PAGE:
: The case has provoked tremendous labor solidarity. Spanish dockworkers refused to cooperate with Nordana until it hired union labor in Charleston, which it now has, and the ILWU has raised over a hundred thousand dollars and is threatening to shut down the ports if the case goes to trial this September. Longshore workers see the case as an opening attack on organized dockworkers similar to those that took place in Liverpool and Australia, and a first attempt to break up the agreements Harry Bridges and others negotiated with port authorities in the 1960s, by turning containerized freight over to non-union labor. Bill Fletcher of the AFL-CIO calls it a blatant attempt to intimidate black workers who are increasingly organizing the South. There are three separate locals in the Charleston port, of black dock workers, white checkers and clerks, and white and black mechanics. They have all joined together to stop union busting. Four of the Charleston Five are black, one is white.

: Mike Honey, the Harry Bridges Chair of Labor Studies at the University of Washington, conducted the following interview with Ken Riley at the Local 23 ILWU headquarters in Seattle. For more from the Harry Bridges Center for Labor Studies, see the web site at:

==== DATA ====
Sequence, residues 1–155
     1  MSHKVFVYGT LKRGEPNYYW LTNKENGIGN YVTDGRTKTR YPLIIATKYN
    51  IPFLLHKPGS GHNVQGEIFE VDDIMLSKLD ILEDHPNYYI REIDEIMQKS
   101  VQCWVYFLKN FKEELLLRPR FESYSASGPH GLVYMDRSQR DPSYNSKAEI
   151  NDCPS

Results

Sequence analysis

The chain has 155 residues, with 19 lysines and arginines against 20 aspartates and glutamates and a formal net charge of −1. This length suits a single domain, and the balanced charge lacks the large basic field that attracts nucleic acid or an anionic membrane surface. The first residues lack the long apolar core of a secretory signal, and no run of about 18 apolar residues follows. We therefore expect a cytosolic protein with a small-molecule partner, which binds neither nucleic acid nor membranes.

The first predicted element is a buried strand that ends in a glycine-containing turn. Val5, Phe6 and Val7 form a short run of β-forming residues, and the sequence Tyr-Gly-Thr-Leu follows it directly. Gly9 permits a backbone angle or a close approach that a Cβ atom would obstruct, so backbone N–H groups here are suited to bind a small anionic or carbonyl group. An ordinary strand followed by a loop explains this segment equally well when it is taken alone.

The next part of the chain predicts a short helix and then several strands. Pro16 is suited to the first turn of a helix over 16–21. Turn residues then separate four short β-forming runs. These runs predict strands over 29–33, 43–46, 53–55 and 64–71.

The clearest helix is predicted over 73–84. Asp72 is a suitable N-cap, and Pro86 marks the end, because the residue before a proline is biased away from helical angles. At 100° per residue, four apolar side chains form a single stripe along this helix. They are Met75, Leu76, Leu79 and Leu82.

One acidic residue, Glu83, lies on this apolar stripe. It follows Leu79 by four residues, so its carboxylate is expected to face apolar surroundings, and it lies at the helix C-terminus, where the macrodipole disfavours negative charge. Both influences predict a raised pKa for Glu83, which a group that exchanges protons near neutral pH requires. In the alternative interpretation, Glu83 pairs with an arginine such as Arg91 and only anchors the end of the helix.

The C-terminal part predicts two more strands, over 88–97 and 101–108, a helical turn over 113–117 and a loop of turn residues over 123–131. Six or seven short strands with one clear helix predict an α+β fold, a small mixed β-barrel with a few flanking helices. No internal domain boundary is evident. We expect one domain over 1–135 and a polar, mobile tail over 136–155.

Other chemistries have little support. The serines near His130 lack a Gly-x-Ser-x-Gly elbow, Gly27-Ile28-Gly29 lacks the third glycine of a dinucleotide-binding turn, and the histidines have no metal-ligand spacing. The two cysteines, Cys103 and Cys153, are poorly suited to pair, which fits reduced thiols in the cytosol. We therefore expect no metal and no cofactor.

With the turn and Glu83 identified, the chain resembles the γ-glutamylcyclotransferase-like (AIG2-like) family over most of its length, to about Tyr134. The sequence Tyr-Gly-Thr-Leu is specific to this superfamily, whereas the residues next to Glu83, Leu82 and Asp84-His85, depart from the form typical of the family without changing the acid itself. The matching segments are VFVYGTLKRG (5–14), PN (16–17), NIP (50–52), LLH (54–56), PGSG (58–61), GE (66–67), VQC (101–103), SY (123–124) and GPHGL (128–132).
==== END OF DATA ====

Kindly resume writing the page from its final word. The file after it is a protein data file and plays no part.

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: HONEY: Could you tell us a little about the history of your local?

: RILEY: Our deep sea local was formed in 1936. We have two white members. The clerks and checkers local, on the other hand, is all white. The first blacks are just now trying to make their way into that local. That's the way its been throughout the history of the South, most of your southern ports were like this. And like you say, its's not by accident, blacks were recruited to do the hard, back-breaking tasks on the waterfront. Right after the Civil War, blacks formed the longshore protective association in Charleston, so blacks were somewhat organized, but it's not until 1936 that they joined the ILA (International Longshoremen's Association).

: HONEY: Are these attacks on your union something that's happened before, or is this something new?